Business, Cloud Computing, Hardware, Software Programs

Is Nokia Turning Into a Patent Troll?

As Nokia plans to jettison their handset division off to Microsoft, the questions about their constant aggressive litigation begin to ask, why? Nokia will no longer own a handset division, so they technically have no physical hardware business to protect. However, in the deal that Nokia signed with Microsoft, they keep all of the IP and simply license it to Microsoft. What this means is that Nokia will sit on a treasure trove of IP that they will most likely never use again. This begs the question, should a company really have the right to sue other companies in the industry if they aren’t making any products and don’t have any hardware or software sales to protect?

Nokia’s long term plan is to keep running NSN and license their handset IP to Microsoft (and possibly others). This would make them a lot like Rambus, trying to sue players in an industry that they barely if ever compete within by their own hand.

It appears as though Nokia is already in the process of becoming a patent troll with their latest lawsuit against HTC. This latest lawsuit is the result of Nokia suing HTC for infringing upon a patent that Nokia acquired from another company (first sign of being a patent troll). The second thing that makes Nokia seem like a patent troll is the fact that the patent itself is for something that I don’t believe could or should be patented. It literally patents the ability of a mobile computing device to be able to keep track of timezones in different areas including the movement between timezones.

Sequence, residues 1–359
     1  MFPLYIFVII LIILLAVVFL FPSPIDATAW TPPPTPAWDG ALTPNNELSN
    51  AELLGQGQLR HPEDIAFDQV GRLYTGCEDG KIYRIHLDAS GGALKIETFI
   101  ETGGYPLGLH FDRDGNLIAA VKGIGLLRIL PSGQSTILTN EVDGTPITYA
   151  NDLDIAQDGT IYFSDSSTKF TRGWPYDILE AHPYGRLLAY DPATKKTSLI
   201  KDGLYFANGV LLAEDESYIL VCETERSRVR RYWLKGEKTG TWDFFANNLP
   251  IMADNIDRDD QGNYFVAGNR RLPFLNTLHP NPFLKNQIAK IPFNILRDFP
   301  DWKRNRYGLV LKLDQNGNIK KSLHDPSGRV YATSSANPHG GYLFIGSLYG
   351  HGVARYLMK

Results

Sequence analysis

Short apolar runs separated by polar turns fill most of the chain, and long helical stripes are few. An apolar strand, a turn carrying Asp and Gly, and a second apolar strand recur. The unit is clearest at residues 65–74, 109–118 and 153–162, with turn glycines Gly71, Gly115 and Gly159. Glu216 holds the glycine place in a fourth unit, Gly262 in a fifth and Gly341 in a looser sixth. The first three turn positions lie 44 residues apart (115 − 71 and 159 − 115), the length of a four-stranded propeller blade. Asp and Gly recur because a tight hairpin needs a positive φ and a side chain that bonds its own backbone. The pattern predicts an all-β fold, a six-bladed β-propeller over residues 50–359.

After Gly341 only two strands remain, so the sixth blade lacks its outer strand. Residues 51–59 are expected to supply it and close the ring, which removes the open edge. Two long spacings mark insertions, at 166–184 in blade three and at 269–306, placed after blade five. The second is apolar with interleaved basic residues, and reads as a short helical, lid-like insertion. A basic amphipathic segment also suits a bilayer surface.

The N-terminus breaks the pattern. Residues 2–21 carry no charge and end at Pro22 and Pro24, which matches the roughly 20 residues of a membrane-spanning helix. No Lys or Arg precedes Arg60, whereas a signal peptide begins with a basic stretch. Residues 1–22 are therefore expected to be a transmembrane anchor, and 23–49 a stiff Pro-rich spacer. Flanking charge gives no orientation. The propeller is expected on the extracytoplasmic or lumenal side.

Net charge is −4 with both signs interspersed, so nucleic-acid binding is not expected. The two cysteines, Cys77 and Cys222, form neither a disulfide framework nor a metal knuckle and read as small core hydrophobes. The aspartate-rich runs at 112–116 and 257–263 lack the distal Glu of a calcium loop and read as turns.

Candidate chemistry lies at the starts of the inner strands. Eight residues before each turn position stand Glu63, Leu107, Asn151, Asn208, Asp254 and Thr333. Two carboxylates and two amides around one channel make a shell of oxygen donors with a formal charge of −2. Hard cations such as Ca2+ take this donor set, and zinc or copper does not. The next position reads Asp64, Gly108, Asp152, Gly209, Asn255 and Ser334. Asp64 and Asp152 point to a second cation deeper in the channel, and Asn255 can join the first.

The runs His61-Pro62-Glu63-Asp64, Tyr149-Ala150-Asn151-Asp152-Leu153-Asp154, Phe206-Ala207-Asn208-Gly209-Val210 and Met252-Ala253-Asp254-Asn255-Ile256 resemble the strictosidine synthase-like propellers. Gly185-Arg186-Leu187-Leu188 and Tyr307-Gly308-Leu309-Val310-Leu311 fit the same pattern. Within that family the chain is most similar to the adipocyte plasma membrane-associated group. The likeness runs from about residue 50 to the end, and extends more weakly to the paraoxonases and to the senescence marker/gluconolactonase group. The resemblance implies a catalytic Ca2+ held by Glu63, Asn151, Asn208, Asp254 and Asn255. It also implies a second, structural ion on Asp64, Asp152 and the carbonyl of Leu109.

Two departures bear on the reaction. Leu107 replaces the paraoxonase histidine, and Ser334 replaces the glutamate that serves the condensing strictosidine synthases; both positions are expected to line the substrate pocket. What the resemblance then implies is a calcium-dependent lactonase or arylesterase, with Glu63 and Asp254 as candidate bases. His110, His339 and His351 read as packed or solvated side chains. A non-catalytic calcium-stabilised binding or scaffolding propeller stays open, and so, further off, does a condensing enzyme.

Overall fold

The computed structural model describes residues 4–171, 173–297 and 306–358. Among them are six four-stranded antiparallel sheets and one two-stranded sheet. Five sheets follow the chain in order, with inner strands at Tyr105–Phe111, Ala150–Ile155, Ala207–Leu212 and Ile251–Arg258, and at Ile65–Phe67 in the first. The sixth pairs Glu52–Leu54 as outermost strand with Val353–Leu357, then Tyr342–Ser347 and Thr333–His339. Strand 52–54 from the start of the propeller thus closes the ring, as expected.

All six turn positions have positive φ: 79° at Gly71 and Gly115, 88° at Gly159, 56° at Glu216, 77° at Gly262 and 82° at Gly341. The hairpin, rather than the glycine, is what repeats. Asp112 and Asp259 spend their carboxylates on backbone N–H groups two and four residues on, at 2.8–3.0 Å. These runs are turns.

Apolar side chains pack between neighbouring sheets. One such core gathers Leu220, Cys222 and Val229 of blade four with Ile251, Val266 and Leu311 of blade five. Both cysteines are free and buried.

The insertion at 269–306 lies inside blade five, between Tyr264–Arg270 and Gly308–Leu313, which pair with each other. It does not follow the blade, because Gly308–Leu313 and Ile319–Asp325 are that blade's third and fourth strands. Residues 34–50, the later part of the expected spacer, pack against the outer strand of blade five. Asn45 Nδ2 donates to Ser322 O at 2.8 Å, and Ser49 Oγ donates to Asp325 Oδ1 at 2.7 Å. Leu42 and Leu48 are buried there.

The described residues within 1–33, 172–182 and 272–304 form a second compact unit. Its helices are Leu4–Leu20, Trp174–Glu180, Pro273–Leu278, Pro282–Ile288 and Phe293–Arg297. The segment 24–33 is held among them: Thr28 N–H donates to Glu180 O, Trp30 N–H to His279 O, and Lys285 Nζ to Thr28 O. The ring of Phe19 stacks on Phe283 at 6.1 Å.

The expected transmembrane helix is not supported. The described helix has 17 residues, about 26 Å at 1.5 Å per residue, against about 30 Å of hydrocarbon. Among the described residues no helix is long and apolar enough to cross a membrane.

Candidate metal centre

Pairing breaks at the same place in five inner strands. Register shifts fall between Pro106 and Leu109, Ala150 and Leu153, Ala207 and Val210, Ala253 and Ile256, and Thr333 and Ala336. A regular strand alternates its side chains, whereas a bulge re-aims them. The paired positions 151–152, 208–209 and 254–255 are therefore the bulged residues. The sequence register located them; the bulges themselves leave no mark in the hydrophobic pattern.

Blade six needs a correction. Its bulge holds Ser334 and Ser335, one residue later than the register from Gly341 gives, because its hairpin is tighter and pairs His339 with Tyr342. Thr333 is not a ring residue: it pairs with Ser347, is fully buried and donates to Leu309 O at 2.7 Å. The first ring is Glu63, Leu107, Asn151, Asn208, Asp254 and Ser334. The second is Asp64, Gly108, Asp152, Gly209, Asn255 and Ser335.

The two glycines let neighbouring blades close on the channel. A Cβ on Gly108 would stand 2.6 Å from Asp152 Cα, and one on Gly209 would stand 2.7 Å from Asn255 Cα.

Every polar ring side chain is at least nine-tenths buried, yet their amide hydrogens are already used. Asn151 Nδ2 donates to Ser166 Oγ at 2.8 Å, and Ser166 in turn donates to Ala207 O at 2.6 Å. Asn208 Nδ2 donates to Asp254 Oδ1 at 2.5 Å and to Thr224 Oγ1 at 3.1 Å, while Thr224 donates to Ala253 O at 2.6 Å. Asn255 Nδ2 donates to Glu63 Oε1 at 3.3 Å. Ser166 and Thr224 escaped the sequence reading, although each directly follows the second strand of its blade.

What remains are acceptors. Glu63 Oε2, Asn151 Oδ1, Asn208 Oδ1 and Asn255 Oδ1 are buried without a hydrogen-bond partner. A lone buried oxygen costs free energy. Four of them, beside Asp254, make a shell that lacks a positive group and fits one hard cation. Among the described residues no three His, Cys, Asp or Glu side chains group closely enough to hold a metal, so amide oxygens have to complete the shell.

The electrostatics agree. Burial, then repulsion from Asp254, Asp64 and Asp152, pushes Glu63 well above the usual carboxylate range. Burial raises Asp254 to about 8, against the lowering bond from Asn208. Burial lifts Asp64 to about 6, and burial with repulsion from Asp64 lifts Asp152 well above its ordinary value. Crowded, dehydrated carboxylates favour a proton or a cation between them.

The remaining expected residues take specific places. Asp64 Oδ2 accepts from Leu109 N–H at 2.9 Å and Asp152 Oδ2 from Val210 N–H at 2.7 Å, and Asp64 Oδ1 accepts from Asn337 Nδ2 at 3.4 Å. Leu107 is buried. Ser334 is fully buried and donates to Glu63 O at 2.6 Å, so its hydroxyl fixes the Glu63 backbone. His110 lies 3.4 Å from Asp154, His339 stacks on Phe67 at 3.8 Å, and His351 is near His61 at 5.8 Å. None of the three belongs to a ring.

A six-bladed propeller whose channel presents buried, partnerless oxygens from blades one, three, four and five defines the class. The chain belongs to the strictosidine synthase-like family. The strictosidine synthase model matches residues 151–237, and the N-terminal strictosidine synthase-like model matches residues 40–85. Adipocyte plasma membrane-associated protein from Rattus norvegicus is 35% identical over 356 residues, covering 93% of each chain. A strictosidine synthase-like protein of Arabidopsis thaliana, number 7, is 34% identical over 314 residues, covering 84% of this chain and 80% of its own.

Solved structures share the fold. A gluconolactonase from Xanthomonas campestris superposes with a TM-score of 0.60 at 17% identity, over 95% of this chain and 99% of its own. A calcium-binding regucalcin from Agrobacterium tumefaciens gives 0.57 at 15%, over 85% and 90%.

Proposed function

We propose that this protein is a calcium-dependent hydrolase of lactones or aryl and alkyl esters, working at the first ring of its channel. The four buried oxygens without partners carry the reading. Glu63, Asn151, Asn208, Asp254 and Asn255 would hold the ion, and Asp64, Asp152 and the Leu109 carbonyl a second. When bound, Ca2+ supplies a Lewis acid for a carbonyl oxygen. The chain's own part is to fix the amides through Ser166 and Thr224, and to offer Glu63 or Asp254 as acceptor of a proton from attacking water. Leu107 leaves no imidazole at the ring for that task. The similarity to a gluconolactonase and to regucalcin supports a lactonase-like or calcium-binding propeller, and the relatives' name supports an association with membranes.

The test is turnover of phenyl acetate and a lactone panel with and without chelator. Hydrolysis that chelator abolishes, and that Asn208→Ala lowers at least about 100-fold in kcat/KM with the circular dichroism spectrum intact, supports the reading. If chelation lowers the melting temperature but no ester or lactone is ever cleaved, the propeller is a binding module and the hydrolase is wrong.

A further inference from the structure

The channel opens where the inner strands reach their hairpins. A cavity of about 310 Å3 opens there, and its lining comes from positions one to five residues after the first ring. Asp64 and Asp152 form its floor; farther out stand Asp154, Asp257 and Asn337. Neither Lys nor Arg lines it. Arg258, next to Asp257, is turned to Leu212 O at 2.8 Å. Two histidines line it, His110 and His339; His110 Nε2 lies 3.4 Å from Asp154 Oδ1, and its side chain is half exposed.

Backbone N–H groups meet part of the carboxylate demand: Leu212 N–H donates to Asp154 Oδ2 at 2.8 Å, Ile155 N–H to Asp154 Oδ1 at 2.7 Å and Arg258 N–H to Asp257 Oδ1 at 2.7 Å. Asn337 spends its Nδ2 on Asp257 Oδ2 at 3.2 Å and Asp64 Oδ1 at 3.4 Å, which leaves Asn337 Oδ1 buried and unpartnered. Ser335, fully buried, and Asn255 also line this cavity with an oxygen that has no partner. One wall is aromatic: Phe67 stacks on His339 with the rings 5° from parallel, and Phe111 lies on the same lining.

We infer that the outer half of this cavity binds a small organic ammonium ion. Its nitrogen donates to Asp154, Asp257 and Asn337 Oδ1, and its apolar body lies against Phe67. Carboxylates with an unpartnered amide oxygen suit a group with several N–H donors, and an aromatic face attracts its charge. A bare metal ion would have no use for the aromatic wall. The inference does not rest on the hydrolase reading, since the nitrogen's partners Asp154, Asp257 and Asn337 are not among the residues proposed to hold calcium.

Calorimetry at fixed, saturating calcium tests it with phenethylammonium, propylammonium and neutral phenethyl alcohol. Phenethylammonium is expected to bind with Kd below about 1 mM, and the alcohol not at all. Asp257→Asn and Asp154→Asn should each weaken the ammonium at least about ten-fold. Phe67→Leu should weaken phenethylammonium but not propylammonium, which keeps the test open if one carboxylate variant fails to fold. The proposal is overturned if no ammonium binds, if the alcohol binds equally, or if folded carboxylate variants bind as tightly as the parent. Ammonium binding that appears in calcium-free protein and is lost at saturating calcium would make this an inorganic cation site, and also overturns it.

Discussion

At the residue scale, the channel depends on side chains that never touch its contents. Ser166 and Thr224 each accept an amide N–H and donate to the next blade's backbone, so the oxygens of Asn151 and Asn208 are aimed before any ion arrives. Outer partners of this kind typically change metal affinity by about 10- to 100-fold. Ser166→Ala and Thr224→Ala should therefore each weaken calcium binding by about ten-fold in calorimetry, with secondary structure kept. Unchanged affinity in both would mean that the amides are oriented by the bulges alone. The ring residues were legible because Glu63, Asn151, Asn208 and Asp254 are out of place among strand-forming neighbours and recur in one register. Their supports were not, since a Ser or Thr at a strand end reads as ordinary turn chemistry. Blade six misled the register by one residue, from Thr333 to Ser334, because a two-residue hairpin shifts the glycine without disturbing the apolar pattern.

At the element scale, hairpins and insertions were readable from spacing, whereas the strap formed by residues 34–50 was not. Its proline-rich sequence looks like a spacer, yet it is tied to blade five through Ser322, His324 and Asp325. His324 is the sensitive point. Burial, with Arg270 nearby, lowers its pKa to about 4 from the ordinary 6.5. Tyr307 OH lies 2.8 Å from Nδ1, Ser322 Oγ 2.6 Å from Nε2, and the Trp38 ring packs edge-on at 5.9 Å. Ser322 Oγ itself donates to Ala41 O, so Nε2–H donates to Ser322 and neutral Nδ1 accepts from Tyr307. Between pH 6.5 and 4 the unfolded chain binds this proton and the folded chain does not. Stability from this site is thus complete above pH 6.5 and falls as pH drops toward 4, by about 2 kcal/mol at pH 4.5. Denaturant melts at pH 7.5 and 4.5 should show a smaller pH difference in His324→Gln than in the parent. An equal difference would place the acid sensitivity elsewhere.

Here is the official text of the abstract of the patent, it’s a bit long but every part therafter simply adds on to this patent. It actually has 60 different aspects to the patent, most of which build on the abstract and primary part of the patent. 

1. In a system having a processor, a method for displaying a plurality of event information items, including appointments, that each includes an associated time, wherein the times associated with the event information items are according to different time zones, the method comprising: accepting, from a user, an entering of an event information item of the plurality of event information items according to one of the different time zones; converting by the system the times associated with the event information items into times according to a particular time zone, wherein the particular time zone differs from the one of the different time zones; providing a calendar view suitable for displaying at least some of the event information items using the particular time zone, wherein the calendar view includes time slots that each have an associated time label; and displaying the event information items using the times according to the particular time zone.

HTC claims that this patent is essentially patenting something that has been in existence since 1883, stating, "Time zones and scheduling according to different time zones were known as far back as 1883, when North American railroads adopted five standardized time zones to end the confusion of dealing with thousands of local times. Ever since, people have been converting scheduled times between different time zones in their heads or with pencil and paper."

The real truth is that this methodology and concept has existed for so long in so many different ways that it seems ridiculous to allow for such a patent to even stand. They’ve literally patented almost any and every method of getting the time on any mobile device, which isn’t something that is unique or has been unique to that company for a long time. Additionally, the fact that Nokia bought this patent and is using it against a competitor is just another example of their movement towards a patent troll. I expect that Nokia’s litigation activities will only increase once the sale of their handset division to Microsoft is completed.